Trayvon Martin: George Zimmerman 'to be charged'
A Florida prosecutor is preparing to announce murder charges against a neighbourhood watchman who shot an unarmed black teenager, officials say.
George Zimmerman will be charged with second degree murder and has been taken into custody, an official told the Associated Press news agency.
Angela Corey is to announce charges at an event in Jacksonville, Florida.
George Zimmerman, 28, claimed self-defence and was not arrested over the February killing of Trayvon Martin.
Ms Corey's office had indicated on Tuesday that she would make an announcement on the case within 72 hours.
Ms Corey is widely regarded as one of Florida's most aggressive prosecutors.
Earlier this week she decided not to seek a grand jury review of the case, which means the decision to bring charges against Mr Zimmerman would be hers alone.
Ms Corey, who is based in Jacksonville, took over the case on 22 March after Seminole County state prosecutor Norman Wolfinger stepped aside after coming under intense scrutiny.
Mr Zimmerman has said he shot the 17-year-old in self-defence on 26 February during a confrontation at a gated community in Sanford, Florida, on the outskirts of Orlando.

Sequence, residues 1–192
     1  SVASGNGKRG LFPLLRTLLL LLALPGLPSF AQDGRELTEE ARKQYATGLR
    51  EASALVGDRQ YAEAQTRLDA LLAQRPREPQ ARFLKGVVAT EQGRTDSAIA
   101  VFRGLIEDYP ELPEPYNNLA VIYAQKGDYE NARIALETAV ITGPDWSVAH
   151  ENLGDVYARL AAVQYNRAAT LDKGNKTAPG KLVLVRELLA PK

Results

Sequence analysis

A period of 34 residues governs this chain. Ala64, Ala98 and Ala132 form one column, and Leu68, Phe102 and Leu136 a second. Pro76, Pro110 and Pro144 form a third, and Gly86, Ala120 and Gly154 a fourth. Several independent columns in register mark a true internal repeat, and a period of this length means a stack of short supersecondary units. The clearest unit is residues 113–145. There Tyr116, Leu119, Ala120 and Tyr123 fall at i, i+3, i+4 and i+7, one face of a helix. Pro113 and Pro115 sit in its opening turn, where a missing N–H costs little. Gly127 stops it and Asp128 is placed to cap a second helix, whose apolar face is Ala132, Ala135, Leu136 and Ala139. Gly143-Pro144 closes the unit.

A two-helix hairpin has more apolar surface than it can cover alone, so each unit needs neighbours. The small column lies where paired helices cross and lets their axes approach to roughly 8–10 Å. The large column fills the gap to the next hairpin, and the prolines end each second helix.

Florida's controversial "stand your ground" law grants individuals leeway to use deadly force if they feel seriously under threat.
On Wednesday, US Attorney General Eric Holder said that the justice department would take action if it finds evidence that a civil rights crime was committed.
The Department of Justice launched an investigation into Mr Martin's death three weeks ago.
Since then the case has remained headline news in the US. Thousands have rallied in Florida and elsewhere demanding justice for Trayvon Martin, while George Zimmerman has remained out of sight, with friends and family making his case on TV.
On Tuesday Mr Zimmerman's lawyers said they were withdrawing as his legal counsel since he was not returning their phone calls and appeared to be acting independently.
Lawyers Hal Uhrig and Craig Sonner said Mr Zimmerman had tried to contact the special prosecutor without consulting them first and had launched a website that they were unaware of until they began receiving queries about it.
"He's gone on his own. I'm not sure what he's doing or who he's talking to," Mr Sonner told reporters.
They added that they had concerns about Mr Zimmerman's emotional state and that he "may not be in complete control" of the situation.
Martin's death has sparked a nationwide debate about racial profiling and prompted protests around the US demanding Mr Zimmerman's arrest.
Earlier this week Sanford Mayor Jeff Triplett said the Orlando suburb was like a "kindling box" amid community tensions over the case.
Trayvon Martin's family and supporters have said Mr Zimmerman killed him in cold blood. They allege he suspected the teenager was a criminal based on his race and the fact he was wearing a hooded sweatshirt.
The neighbourhood watchman's supporters say he only opened fire after the teenager attacked him, broke his nose and banged his head against the pavement.